However, monoamine oxidase inhibitors prevent your body from breaking down tyramine. It increases levels in your body and can raise your blood pressure to dangerous levels.
4. Drugs + alcohol = effects even after you stop drinking
Other drugs interact because they affect the way your body breaks down alcohol.
If you drink alcohol while using these medicines, you may experience nausea, vomiting, a flush in the face and neck, shortness of breath or dizziness, your heart may beat faster than normal, or your blood pressure may drop.
It can also happen after you stop treatment or drink alcohol. For example, if you take metronidazole, avoid alcohol both while using the drug and for at least 24 hours after you stop taking it.
An example of where alcohol changes the amount of drugs or related substances in the body is acitretin. This medicine is used to treat skin conditions such as severe psoriasis and to prevent skin cancer in people who have had organ transplants.
When you take acitretin, it changes to another substance – etretinate – before it is removed from your body. Alcohol increases the amount of etretinate in your body.
This is especially important because etretinate can cause birth defects. To prevent this, if you are a woman of childbearing age, avoid alcohol while using the drug and for two months after you stop taking it.
Myths about alcohol and drugs
Alcohol and birth control
One of the most common myths about drugs and alcohol is that you can’t drink while on the birth control pill.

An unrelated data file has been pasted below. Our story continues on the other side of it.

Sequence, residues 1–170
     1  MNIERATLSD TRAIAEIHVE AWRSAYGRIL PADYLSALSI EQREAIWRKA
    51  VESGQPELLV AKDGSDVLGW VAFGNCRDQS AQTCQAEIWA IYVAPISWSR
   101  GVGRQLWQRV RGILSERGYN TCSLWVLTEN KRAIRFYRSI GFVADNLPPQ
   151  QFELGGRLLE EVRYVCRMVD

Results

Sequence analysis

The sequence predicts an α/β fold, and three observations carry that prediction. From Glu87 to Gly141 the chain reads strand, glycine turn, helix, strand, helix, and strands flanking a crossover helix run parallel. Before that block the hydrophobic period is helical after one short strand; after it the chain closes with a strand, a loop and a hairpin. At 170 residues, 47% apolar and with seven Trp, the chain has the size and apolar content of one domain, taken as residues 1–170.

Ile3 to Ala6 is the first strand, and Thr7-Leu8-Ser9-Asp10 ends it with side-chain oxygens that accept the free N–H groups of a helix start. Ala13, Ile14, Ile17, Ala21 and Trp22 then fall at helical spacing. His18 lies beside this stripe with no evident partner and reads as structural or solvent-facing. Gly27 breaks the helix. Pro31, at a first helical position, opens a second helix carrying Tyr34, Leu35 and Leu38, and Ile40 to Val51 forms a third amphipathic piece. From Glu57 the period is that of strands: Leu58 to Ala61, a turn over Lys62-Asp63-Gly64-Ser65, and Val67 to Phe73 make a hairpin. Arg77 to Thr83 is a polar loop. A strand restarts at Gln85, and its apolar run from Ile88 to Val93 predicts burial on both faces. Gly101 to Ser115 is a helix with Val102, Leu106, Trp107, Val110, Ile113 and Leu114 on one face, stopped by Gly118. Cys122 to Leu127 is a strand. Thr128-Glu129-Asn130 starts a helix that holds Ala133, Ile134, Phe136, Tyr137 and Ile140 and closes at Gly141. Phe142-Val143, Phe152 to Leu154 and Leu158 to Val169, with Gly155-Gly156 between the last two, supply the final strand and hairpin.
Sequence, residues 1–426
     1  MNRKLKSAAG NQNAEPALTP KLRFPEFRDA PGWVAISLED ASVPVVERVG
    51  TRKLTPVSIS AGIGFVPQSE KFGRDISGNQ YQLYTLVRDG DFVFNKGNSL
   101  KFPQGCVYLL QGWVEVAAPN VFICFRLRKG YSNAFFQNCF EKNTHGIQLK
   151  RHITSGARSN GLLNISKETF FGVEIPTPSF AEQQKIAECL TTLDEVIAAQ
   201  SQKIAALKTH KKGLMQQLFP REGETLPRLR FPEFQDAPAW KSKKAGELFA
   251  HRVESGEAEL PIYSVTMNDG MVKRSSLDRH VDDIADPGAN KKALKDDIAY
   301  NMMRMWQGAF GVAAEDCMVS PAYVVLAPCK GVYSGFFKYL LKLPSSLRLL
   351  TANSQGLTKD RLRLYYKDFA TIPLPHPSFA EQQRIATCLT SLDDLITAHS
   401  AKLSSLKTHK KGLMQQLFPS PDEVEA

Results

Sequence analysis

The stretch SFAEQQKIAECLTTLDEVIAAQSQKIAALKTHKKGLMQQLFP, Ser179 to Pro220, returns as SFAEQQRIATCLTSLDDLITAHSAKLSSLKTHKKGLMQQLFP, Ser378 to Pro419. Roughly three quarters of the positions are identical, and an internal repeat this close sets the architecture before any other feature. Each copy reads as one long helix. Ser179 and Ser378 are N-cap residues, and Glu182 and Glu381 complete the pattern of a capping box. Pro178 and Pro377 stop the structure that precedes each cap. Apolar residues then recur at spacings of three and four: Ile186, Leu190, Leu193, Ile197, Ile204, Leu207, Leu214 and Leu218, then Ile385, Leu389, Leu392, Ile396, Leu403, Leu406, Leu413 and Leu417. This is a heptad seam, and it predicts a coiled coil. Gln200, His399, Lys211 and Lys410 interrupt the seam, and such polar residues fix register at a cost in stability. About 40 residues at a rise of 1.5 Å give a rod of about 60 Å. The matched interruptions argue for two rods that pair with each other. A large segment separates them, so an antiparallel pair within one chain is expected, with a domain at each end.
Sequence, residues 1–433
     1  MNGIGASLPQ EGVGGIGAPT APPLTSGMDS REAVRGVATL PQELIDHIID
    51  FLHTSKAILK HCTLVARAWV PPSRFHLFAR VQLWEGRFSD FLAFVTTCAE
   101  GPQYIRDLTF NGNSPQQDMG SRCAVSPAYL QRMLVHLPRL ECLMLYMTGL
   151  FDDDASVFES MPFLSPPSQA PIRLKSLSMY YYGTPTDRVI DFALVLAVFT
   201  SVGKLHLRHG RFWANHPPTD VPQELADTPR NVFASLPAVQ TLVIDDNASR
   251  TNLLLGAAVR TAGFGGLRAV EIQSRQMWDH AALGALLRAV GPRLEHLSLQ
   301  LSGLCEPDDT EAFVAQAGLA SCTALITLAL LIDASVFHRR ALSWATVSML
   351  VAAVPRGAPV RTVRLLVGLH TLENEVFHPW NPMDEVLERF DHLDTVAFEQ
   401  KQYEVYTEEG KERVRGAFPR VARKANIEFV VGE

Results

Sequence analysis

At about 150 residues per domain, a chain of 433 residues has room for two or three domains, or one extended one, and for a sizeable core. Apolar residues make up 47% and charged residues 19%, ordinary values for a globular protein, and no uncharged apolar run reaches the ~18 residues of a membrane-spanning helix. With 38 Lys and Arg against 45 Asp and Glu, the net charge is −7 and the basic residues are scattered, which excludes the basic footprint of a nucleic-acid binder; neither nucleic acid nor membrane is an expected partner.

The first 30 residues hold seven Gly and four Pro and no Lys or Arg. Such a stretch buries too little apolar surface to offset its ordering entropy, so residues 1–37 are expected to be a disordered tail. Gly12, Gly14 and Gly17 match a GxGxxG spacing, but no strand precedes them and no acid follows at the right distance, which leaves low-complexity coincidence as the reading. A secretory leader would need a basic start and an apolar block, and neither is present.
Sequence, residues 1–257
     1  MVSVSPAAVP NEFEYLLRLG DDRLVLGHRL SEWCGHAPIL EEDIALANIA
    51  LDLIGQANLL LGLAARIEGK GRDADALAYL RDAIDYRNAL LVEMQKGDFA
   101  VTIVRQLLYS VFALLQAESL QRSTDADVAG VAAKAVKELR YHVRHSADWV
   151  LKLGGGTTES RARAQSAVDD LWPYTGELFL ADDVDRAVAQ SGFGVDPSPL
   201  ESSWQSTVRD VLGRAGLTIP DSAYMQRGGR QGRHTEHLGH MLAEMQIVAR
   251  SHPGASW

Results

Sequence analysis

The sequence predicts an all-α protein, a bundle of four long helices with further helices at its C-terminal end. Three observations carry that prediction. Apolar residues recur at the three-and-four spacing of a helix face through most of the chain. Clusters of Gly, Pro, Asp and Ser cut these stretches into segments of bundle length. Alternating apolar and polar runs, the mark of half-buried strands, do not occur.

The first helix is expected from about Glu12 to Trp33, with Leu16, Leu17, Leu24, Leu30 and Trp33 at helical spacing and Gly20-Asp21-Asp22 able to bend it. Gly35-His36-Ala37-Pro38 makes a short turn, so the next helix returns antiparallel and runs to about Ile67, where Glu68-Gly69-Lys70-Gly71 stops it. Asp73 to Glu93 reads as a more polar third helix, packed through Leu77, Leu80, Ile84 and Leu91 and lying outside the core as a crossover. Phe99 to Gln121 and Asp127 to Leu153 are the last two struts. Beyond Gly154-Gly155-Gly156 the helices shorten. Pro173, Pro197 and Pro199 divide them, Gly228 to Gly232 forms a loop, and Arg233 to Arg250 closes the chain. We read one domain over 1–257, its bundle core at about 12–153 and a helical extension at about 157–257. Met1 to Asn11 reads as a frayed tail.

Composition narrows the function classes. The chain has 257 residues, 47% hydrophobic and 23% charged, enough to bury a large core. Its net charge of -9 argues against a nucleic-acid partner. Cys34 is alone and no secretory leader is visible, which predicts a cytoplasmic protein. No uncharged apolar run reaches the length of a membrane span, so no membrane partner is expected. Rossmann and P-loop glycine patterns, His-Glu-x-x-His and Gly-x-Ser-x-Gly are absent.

Using alcohol with the pill is generally safe because it does not directly affect how well the birth control works.
But the pill is most effective when taken at the same time every day. If you drink a lot, you’re more likely to forget to do it the next day.
Alcohol can cause nausea and vomiting in some people. If you vomit within three hours of taking the pill, it will not work. It increases your risk of pregnancy.
Birth control pills can also affect your response to alcohol because the hormones they contain can change the way your body removes alcohol. This means you can get drunk faster, and you can stay drunk longer than usual.
Alcohol and antibiotics
Then there’s the myth about not mixing alcohol with antibiotics. This applies only to metronidazole and linezolid.
Otherwise, it is generally safe to use alcohol with antibiotics, as alcohol does not affect how well they work.
But if you can, it’s best to avoid alcohol while taking antibiotics. Antibiotics and alcohol have similar side effects, such as upset stomach, dizziness and drowsiness. Using the two together means you are more likely to have these side effects. Alcohol can reduce your energy and increase how long it takes you to recover.
Where can I go for advice?
If you plan to drink alcohol this holiday and are concerned about an interaction with your medication, don’t stop taking your medication.
Your pharmacist can advise you if it is safe for you to drink based on the medications you are taking and if not, advise on alternatives.
Nial Wheat, Associate Professor, Sydney School of Pharmacy, University of Sydney and Jessica Pace, Associate Lecturer, University of Sydney
This article is republished from The Conversation under a Creative Commons license. Read the original article.
Also Read | These are the 4 biggest gift giving mistakes you can make